Recent advancements in the delivery of therapeutics for retinal diseases include the development of injectable hydrogels, networks of one or more hydrophilic polymers that contain a high-volume fraction of water. These systems are of particular interest due to their biocompatibility, permeability to water-soluble metabolites, and function as minimally invasive injectable delivery vehicles. Recently, hydrogels for ophthalmic applications have been developed that display a controlled release of factors necessary for cellular survival and proliferation. Understanding the relationship between the volume water fraction and the physical, chemical, and diffusion properties of the hydrogel scaffold could aid in the improvement of existing drug delivery treatments for retinal regeneration. In this study, we compared the diffusion and release of human epidermal growth factor (hEGF) encapsulated in different injectable homogenous and heterogenous hydrogels, namely gelatin-hydroxyphenyl propionic acid (Gtn-HPA) and hyaluronic acid-tyramine (HA-Tyr)-based hydrogels. These experimental results were compared with the measured stiffness and water content of these hydrogels and applied to different diffusion theories of polymers to determine the model of best fit. We find that the normalized diffusion and release of hEGF increases with free water content in injectable hydrogels: ranging from 0.176 at 41% free water in HA-Tyr to 0.2 at 53% free water in Gtn-HPA, whereas it decreases with hydrogel stiffness: 600 Pa for Gtn-HPA and 1440 Pa for HA-Tyr. Further, we compared our experimental data with theoretical diffusion models. We found that homogeneous theoretical models, notably the hydrodynamic model (giving a normalized diffusion close to 0.2), provide the most suitable explanation for the measured solute diffusion coefficient. Impact statement Diffusion in a three-dimensional system is a key factor in designing new hydrogel-based materials. It allows to control and predict diffusion in implants and delivery systems. However, very little is done to explore and test the diffusion since it is a complex process. Many models can predict solute diffusion; however, practical application using these models has not yet been done. We have shown the variation of these models in a practical extent, which could have a tremendous impact on designing biomaterial for biological application as it allows one to understand the diffusion of injected drugs and growth factors.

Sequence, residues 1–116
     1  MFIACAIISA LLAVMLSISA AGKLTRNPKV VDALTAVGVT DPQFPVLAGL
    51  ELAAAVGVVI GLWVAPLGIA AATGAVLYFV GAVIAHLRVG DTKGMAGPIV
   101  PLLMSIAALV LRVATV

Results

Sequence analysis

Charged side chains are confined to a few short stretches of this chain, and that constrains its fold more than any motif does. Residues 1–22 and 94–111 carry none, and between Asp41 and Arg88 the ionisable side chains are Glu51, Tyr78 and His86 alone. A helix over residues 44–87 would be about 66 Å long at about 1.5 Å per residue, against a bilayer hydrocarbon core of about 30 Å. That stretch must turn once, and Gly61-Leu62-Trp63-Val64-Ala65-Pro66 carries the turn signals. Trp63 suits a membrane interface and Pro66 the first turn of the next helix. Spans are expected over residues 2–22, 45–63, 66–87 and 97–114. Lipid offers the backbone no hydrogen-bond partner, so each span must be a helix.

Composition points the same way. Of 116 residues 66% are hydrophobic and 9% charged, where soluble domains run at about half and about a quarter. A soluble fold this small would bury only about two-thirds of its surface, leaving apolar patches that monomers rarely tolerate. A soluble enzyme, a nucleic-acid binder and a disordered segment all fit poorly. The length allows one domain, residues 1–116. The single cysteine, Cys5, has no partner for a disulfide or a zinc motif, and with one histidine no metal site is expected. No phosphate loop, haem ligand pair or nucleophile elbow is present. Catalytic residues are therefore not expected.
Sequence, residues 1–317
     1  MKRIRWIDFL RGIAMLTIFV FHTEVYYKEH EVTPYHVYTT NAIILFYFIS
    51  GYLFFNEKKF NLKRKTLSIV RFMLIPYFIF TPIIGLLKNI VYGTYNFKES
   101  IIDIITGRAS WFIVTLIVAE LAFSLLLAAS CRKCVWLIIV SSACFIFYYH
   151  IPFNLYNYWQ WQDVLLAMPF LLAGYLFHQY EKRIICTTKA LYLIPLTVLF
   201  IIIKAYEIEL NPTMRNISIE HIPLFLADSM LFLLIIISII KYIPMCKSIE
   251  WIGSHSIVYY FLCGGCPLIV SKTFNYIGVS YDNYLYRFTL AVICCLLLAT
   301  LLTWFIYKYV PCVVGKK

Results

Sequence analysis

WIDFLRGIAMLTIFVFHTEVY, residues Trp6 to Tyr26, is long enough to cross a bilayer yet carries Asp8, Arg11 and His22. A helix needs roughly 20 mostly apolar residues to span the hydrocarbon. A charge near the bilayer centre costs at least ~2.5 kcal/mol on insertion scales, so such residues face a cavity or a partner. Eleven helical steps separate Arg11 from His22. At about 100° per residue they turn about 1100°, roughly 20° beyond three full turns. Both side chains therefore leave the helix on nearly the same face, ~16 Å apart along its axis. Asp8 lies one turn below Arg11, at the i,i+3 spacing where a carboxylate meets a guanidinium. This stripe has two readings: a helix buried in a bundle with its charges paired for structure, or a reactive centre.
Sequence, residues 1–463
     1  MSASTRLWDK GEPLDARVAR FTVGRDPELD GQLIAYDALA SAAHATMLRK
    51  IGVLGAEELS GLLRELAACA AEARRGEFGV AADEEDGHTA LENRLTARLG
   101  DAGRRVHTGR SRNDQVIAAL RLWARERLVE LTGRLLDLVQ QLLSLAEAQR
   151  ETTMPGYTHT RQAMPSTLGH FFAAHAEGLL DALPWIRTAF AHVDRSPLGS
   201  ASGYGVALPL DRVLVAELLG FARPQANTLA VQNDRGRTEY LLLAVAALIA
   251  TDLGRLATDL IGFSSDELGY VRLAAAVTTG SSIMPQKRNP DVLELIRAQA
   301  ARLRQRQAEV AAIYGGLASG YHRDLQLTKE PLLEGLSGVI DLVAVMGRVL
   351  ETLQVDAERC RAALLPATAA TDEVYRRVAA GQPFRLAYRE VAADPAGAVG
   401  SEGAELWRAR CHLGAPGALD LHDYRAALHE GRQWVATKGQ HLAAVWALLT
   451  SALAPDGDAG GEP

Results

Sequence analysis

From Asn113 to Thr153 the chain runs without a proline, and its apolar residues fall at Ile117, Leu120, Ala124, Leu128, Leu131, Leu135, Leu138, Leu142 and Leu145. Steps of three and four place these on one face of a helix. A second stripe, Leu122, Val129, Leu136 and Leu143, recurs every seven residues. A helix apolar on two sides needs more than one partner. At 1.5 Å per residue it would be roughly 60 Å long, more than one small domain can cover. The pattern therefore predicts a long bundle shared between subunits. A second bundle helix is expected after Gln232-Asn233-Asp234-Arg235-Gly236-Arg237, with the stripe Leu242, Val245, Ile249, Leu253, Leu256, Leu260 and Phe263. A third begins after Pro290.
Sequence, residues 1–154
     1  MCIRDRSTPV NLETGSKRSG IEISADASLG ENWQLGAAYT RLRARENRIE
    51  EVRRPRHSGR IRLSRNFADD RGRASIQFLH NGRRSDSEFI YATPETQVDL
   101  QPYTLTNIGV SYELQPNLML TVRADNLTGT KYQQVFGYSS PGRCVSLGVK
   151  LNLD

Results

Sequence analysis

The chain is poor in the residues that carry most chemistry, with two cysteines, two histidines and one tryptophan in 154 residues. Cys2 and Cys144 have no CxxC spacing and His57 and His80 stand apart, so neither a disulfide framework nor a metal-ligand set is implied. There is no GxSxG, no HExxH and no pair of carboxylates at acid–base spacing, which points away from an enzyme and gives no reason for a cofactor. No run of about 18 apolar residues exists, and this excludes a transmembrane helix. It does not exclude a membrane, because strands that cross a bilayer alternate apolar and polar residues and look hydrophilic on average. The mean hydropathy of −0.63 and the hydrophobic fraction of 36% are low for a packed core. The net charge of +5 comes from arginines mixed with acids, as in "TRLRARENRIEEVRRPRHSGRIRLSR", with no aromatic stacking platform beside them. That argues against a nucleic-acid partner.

Keywords: diffusion; growth factor; injectable hydrogels; retinal diseases.